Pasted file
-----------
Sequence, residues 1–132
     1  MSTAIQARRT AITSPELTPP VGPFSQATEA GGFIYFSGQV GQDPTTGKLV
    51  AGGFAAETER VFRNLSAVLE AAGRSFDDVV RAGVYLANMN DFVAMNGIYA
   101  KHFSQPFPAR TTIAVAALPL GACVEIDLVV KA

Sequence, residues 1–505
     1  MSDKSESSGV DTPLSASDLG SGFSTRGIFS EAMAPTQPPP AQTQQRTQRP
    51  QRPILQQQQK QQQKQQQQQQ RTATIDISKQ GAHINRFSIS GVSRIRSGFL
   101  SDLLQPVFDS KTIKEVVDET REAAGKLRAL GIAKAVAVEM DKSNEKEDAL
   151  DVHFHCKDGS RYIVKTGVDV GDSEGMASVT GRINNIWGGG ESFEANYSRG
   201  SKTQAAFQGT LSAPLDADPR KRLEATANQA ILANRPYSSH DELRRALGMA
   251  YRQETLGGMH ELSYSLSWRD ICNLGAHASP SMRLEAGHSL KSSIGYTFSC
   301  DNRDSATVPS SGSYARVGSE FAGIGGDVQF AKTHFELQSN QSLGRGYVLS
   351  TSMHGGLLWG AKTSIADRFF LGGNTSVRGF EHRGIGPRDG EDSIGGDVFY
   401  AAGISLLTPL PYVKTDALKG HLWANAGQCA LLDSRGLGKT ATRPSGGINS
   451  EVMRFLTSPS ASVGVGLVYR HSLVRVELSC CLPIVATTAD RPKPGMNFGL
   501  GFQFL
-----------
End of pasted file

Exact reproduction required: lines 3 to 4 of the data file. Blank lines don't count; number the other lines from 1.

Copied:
    51  AGGFAAETER VFRNLSAVLE AAGRSFDDVV RAGVYLANMN DFVAMNGIYA
   101  KHFSQPFPAR TTIAVAALPL GACVEIDLVV KA